Normal roundabouts give a ‘turn right’ / ‘continue straight’ instruction. Non-normal roundabouts give a ‘take the X exit’ instruction. This section will explain the difference between a normal and a non-normal roundabout.
A normal roundabout:
- Will give you a ‘turn right', 'turn left’ or ‘continue straight’ instruction.
- Has up to 4 nodes.
- All exit nodes are aligned within "normal" range of the entrance node.
A non-normal roundabout:
- Has 5 or more nodes (Ex. Each segment of a split road connects at its own node.)
- Has irregularly placed nodes (this will be covered in the examples.)
- Will give you a ‘take the X exit’ (with arrows around it) instruction.
A roundabout can be both normal and non-normal at the same time depending on your entrance node.
Some examples will help explain:
- The angles of the segments approaching the nodes do not matter. Both of these layouts will give the same instructions, because only the angles between the nodes and the center of the roundabout determine which instructions are given.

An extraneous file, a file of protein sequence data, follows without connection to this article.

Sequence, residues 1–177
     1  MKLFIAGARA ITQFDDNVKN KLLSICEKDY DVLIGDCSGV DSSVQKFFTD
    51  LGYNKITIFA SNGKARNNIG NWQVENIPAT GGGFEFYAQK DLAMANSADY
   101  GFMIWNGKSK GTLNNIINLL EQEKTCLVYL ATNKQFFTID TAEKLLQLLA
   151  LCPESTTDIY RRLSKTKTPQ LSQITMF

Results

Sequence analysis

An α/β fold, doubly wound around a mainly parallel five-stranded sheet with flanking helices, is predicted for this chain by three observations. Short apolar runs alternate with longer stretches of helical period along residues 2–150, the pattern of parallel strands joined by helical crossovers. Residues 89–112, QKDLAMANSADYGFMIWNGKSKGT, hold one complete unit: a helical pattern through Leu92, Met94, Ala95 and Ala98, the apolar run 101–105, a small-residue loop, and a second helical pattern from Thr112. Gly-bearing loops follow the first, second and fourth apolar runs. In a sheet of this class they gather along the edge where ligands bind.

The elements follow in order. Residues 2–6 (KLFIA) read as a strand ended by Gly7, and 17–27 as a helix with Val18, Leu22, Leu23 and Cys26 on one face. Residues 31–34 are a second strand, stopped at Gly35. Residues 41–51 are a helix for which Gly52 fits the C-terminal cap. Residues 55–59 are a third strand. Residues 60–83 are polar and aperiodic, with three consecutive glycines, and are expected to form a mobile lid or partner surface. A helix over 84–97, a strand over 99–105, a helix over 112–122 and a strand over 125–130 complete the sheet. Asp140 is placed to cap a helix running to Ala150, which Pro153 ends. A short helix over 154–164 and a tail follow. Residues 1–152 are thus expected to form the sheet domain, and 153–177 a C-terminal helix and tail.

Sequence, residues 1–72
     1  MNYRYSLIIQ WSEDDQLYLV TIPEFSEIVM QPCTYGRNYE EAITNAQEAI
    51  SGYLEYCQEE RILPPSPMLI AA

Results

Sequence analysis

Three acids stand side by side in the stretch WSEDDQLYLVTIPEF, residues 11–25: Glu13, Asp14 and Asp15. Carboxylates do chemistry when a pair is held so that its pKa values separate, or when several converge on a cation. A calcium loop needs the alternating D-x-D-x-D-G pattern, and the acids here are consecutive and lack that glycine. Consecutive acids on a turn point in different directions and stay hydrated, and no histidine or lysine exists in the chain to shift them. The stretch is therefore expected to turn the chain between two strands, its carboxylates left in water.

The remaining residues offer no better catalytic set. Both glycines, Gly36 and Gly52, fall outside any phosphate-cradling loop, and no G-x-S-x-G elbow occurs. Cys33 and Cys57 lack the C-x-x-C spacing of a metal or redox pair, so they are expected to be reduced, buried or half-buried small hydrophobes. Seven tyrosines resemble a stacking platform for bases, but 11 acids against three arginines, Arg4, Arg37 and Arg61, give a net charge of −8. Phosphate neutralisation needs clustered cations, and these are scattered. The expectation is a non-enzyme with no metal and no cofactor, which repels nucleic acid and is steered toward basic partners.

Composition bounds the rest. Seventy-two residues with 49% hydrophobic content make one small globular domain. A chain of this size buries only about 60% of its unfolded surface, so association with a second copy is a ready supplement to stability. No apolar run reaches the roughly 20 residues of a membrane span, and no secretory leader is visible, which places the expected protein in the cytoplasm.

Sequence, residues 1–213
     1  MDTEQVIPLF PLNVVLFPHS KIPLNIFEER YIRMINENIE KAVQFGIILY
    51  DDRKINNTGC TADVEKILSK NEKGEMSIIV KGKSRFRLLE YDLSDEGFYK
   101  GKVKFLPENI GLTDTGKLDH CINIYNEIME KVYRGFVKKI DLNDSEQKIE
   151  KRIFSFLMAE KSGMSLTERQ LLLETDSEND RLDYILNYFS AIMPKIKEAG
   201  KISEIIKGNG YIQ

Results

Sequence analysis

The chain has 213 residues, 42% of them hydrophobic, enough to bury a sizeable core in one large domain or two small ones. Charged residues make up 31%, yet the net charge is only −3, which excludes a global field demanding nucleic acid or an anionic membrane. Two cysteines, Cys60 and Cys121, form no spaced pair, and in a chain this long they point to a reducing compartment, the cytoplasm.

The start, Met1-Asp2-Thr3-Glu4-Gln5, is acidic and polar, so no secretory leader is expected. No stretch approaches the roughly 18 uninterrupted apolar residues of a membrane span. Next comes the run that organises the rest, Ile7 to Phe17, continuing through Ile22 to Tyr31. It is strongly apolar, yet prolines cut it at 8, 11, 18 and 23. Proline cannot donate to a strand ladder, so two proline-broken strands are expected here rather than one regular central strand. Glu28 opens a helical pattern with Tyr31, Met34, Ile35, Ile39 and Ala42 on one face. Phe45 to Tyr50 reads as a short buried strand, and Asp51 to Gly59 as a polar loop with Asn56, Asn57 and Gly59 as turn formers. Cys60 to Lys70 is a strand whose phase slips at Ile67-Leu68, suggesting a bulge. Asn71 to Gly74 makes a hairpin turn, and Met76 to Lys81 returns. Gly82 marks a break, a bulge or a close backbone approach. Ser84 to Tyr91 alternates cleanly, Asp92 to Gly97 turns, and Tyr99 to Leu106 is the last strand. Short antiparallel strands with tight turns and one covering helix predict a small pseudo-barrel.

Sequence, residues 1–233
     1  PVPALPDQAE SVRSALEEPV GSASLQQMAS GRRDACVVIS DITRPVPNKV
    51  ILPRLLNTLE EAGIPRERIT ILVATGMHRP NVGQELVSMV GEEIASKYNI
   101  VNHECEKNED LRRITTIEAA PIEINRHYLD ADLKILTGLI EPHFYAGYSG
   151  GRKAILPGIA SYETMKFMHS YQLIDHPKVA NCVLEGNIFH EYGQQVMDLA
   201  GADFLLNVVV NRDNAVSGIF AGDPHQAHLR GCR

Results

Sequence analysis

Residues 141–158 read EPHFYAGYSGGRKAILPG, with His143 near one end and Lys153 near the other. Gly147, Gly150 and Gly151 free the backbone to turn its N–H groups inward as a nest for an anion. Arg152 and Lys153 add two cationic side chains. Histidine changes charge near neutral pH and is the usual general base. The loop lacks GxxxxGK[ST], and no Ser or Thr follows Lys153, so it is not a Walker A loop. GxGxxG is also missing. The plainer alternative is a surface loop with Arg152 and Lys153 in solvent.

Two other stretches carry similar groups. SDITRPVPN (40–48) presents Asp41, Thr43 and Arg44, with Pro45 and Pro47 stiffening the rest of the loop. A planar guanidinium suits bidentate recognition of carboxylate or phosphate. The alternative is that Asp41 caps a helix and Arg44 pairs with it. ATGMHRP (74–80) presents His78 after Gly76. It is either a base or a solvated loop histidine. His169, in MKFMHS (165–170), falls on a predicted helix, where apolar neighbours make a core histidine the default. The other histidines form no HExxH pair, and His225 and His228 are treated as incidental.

For the sake of simplicity, let’s look at a roundabout with three exits.
- Each time you approach a roundabout from one of the three nodes, an imaginary X-Y axis is drawn: (1) with the origin at the center of the roundabout and (2) aligned to the entrance node.
- Coming from node #1, this is how we see the roundabout:
- Both exits 2 and 3 are within the normal range (90°±15° & 180°±15°).
- Both exits will get an instruction to ‘turn right’ or ‘continue straight’.
- Coming from node #3, this is how we see the roundabout:
- Both exits 1 and 2 are not within the ‘normal’ range – both will get a ‘take the X exit’.
- Note: even if one of these exits was within normal range, the roundabout itself will be ‘non-normal’ and all exits will get the ‘take the X exit’ prompt. The entire roundabout must be normal.